The legalisation of cannabis would send the wrong message to the vast majority of people who do not take drugs, especially young and vulnerable people, with the potential grave risk of increased misuse of drugs. It would not eliminate the crime committed by the illicit trade, nor would it address the harms associated with drug dependence and the misery this can cause to families and society.
Theresa May, Prime minister of the United KingdomWhen I was Home Secretary, work was undertaken by the Home Office on the experience in a number of countries and the different ways they approached the issue of drugs, but I am afraid that I have a different opinion from my hon. Friend on drugs, as would those dealing with people affected by drugs. I think of my constituent Elizabeth Burton-Phillips, who set up DrugFAM after the suicide of her so... See More
And then the jobless.... Is AI going to put everybody out of work? I am not worried about this. I find that people, all of us, I include myself, we are so unimaginative about what future jobs are going to look like and what they are going to be. Humans like to do things and we like to be productive and we will figure out things to do and we will use these tools to make ourselves more powerful. Wha... See More
Since the dawn of the industrial age, a recurrent fear has been that technological change will spawn mass unemployment. Neoclassical economists predicted that this would not happen, because people would find other jobs, albeit possibly after a long period of painful adjustment. By and large, that prediction has proven to be correct.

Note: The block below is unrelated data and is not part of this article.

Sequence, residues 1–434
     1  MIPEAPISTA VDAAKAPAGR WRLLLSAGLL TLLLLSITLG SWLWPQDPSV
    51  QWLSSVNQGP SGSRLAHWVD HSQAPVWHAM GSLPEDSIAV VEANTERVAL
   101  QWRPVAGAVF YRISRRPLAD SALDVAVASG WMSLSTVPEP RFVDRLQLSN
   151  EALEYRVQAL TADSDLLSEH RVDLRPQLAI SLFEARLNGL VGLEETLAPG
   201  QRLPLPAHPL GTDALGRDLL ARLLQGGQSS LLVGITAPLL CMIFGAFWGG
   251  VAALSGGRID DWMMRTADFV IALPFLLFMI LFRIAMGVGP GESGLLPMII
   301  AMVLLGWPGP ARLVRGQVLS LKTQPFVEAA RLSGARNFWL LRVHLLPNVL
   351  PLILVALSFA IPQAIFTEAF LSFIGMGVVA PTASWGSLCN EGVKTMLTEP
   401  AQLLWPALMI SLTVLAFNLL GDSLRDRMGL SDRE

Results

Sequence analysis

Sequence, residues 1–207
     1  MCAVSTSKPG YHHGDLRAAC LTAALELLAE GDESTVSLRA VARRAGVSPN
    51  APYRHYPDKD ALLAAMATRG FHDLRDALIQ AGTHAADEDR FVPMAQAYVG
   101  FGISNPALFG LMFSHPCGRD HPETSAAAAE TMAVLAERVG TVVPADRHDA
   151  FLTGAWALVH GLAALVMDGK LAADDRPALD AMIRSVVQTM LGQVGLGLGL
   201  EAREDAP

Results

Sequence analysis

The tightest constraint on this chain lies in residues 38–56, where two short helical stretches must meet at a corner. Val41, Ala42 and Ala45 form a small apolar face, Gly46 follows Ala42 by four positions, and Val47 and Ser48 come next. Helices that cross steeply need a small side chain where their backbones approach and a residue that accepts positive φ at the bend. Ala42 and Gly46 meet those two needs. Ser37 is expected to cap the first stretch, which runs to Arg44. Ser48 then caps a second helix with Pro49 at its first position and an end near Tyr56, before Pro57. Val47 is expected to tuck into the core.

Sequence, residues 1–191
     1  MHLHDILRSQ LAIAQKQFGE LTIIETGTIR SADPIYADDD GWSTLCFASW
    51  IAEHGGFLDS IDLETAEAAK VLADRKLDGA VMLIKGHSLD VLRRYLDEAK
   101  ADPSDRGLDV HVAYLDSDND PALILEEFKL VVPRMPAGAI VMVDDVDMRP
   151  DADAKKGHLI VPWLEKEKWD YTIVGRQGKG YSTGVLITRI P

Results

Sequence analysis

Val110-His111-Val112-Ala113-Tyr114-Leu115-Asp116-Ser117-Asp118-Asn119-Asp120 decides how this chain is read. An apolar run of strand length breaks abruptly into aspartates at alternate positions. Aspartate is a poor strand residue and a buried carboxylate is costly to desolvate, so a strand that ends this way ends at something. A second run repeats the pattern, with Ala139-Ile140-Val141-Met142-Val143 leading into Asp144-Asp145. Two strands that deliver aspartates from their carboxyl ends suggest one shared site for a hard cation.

Ray Kurzweil, Author, computer scientist, inventor and futuristWe are going to have new types of jobs creating new types of dollars that don’t exist yet and that has been the trend. We will be creating more profound music, literature, science, technology.
Neil deGrasse Tyson, AstrophysicistIf all you think about are the jobs today and you project forward, there might be a day where robots take over every single job we have today. Is that the future that will come? No, because we have innovative people – well, I like to think we have innovative people in society – and we invent new things all the time, that require new jobs to manage them, to invent them, to conceive them, to enginee... See More
David Autor, EconomistIt doesn’t really make sense to ask whether automation will affect jobs. Yes, 100 percent of jobs will be affected. Jobs change all of the time. The content of jobs will change. But it’s not as if there’s a fixed amount of work to do. The net number of jobs is rising. Job tasks are changing. In many cases that automation is complementary to the tasks that people do. For example, doctors’ work i... See More
Toby Walsh, Professor of artificial intelligenceEven if we have as many as 47% of jobs automated, this won’t translate into 47% unemployment. One reason is that we might just work a shorter week. That was the case in the Industrial Revolution. Before the Industrial Revolution, many worked 60 hours per week. After the Industrial Revolution, work reduced to around 40 hours per week. The same could happen with the unfolding AI Revolution.
Eric Schmidt, Executive Chairman & former CEO, GoogleWe have to make them [workers] more productive through automation, through tools. So I'm convinced that there is in fact going to be a jobs shortage. There is going to be jobs that are unfulfilled, and that the way we'll fill them is to take people plus computers, and the computers will make people smarter. If you make the people smarter, their wages go up. They don't go down, and the number of jo... See More